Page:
diabetes management

Keeping your blood sugar levels within the range recommended by your doctor can be challenging. That’s because many things make your blood sugar levels change, sometimes unexpectedly. Following are some factors that can affect your blood sugar levels.

Food

Healthy eating is a cornerstone of healthy living — with or without diabetes. But if you have diabetes, you need to know how foods affect your blood sugar levels. It’s not only the type of food you eat but also how much you eat and the combinations of food types you eat.

Here are some things you can do:

  • Learn how to count your carbohydrate intake and manage your portion sizes. Carbs often have the biggest impact on your blood sugar levels. Use measuring cups or a scale to ensure proper portion size and an accurate carbohydrate count.
  • Eat a balanced meal. Have a good mix of starches, fruits and vegetables, proteins, and fats during every meal.
  • Avoid sugar-sweetened beverages. These have no nutrition value and they cause blood sugar to rise quickly.

Exercise

Regular physical activity is an important part of your diabetes management plan. When you exercise, your muscles use sugar (glucose) for energy. Regular exercise also helps your body use insulin more efficiently.

These factors work together to lower your blood sugar level. The more strenuous your workout, the longer the effect lasts. But even light activities — such as housework, gardening or being on your feet for extended periods — can improve your blood sugar level.

What can you do?

  • Talk to your doctor about an exercise plan. In general, most adults should exercise at least 30 minutes a day on most days of the week.
  • Keep an exercise schedule. This will allow you to coordinate your workout routine with your meal and medication schedules.
  • Know your numbers. Talk to your doctor about what blood sugar levels are appropriate for you before you begin exercise.
  • Check your blood sugar level before, during and after exercise. Be aware of warning signs of low blood sugar, such as feeling shaky, weak, tired, hungry, lightheaded, irritable, anxious or confused.
  • Drink plenty of water or other fluids while exercising because dehydration can affect blood sugar levels
  • Always have a small snack or glucose tablet with you during exercise in case your blood sugar drops too low.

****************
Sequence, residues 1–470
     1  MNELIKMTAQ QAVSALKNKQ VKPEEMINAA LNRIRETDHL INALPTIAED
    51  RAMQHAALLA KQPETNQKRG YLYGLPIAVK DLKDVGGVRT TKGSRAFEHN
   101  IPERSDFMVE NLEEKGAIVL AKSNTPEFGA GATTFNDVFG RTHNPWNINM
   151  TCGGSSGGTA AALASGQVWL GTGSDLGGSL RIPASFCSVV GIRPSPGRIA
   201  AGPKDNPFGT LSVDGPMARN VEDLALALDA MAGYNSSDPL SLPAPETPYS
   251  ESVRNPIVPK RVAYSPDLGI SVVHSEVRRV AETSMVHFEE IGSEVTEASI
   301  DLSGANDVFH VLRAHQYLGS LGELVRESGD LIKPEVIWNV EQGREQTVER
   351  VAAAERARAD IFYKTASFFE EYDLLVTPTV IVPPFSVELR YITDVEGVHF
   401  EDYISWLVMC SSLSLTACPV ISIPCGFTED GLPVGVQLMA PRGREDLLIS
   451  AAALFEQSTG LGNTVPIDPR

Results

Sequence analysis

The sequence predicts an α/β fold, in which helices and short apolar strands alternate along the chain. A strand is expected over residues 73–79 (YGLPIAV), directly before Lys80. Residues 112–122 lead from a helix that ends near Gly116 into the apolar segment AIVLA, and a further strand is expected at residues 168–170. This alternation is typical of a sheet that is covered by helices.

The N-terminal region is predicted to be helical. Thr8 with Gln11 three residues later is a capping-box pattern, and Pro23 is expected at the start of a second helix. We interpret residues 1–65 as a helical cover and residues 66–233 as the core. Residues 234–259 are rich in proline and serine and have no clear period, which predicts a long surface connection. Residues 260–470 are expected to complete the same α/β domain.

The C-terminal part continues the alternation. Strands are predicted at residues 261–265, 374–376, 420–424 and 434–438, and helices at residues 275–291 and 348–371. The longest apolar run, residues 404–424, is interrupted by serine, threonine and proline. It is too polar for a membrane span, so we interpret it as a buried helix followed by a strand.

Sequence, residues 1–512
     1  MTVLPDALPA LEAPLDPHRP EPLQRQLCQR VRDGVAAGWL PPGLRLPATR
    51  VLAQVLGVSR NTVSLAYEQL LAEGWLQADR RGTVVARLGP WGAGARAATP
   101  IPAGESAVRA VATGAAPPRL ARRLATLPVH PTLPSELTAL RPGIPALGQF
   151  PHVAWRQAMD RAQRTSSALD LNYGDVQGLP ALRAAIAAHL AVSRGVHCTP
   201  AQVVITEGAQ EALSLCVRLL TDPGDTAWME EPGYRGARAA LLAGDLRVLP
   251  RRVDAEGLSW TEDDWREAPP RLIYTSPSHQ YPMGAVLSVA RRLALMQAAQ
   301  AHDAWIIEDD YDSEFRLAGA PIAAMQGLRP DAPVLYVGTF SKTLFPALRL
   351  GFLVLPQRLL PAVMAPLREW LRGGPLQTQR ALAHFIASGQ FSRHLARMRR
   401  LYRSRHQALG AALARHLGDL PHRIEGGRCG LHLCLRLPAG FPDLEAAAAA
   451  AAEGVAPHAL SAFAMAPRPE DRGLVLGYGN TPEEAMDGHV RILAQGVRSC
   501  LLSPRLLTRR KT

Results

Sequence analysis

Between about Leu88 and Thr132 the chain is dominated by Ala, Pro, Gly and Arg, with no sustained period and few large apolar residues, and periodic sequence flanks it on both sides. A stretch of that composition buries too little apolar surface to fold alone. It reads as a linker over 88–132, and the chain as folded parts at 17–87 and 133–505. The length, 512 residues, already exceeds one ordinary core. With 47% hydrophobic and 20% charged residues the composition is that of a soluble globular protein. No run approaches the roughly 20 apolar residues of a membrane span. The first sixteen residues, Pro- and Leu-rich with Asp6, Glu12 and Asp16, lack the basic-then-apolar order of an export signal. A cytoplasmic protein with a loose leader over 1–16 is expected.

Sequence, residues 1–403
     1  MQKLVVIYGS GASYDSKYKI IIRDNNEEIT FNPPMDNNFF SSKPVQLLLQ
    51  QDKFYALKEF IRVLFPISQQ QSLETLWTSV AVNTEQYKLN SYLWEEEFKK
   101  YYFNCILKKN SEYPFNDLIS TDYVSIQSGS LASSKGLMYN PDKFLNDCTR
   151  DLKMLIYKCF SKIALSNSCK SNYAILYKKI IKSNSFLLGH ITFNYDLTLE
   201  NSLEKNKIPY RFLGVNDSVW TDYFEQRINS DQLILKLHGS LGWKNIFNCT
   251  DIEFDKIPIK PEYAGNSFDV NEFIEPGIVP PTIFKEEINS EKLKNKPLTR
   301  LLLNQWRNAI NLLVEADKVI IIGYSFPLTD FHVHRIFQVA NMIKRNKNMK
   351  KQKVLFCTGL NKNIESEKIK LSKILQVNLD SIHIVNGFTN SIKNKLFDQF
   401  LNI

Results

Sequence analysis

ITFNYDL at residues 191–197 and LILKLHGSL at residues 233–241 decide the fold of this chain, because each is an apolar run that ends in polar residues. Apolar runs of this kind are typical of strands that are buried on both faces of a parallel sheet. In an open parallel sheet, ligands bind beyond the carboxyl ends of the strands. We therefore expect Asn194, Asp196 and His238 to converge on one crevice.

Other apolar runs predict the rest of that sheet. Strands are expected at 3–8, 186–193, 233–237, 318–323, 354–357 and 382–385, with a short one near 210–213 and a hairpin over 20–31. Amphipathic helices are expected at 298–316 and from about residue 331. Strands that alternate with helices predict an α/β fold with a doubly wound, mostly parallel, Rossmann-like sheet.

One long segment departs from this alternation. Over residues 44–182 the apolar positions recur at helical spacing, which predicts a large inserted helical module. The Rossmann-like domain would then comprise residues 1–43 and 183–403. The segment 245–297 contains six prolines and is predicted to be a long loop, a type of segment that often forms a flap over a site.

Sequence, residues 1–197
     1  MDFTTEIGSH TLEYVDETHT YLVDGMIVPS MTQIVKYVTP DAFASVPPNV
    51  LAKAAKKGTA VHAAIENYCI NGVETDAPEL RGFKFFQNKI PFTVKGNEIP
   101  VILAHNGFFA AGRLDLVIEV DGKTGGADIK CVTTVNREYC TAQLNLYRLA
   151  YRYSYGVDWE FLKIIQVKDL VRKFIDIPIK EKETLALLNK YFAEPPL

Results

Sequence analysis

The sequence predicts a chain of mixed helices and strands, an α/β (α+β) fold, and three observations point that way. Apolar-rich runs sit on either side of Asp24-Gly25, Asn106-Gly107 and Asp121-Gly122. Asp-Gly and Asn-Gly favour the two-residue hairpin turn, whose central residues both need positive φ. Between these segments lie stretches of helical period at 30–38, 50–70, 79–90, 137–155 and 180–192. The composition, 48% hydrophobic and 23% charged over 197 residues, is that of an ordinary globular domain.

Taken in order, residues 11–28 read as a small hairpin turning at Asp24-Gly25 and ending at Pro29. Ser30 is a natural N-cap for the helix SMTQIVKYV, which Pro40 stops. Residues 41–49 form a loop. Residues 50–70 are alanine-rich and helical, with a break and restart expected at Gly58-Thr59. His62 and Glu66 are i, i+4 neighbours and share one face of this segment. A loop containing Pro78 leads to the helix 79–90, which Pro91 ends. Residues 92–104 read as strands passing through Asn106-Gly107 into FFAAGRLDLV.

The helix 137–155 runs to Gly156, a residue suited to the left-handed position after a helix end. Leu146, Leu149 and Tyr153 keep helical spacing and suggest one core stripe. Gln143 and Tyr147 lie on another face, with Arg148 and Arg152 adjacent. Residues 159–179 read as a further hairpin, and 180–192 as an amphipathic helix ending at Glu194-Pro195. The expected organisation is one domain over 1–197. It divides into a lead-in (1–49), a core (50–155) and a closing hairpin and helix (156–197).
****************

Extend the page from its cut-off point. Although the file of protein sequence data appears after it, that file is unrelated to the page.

Alcohol

The liver normally releases stored sugar to counteract falling blood sugar levels. But if your liver is busy metabolising alcohol, your blood sugar level may not get the boost it needs from the liver. Alcohol can result in low blood sugar shortly after you drink it and for as many as 24 hours more.

What to look out for:

  • Check with you doctor to make sure its ok for you to drink alcohol.
  • Never drink alcoholic beverages on an empty stomach.
  • Choose your drinks carefully. Light beer and dry wines have fewer calories and carbohydrates than do other alcoholic drinks
  • Check your blood sugar level before bed. Because alcohol can lower blood sugar levels long after you’ve had your last drink, check your blood sugar level before you go to sleep

Stress

When you are stressed, your body produces hormones in response to the stress especially if it’s prolonged. This may cause a rise in your blood sugar level. Also, it may be harder to closely follow your usual diabetes management routine if you’re under a lot of extra pressure.

What to do:

  • Look for patterns. Log your stress level on a scale of 1 to 10 each time you log your blood sugar level. A pattern may soon emerge.
  • Take control. Once you know how stress affects your blood sugar level, fight back. Learn relaxation techniques, prioritise your tasks and set limits. Whenever possible, avoid common stressors. Exercise can often help relieve stress and lower your blood sugar level.
  • Get help. Learn new strategies for coping with stress. You may find that working with a psychologist or clinical social worker can help you identify stressors, solve stressful problems or learn new coping skills.

The more you know about factors that influence your blood sugar level, the more you can anticipate fluctuations — and plan accordingly. If you’re having trouble keeping your blood sugar level in your target range, ask your doctor for help.

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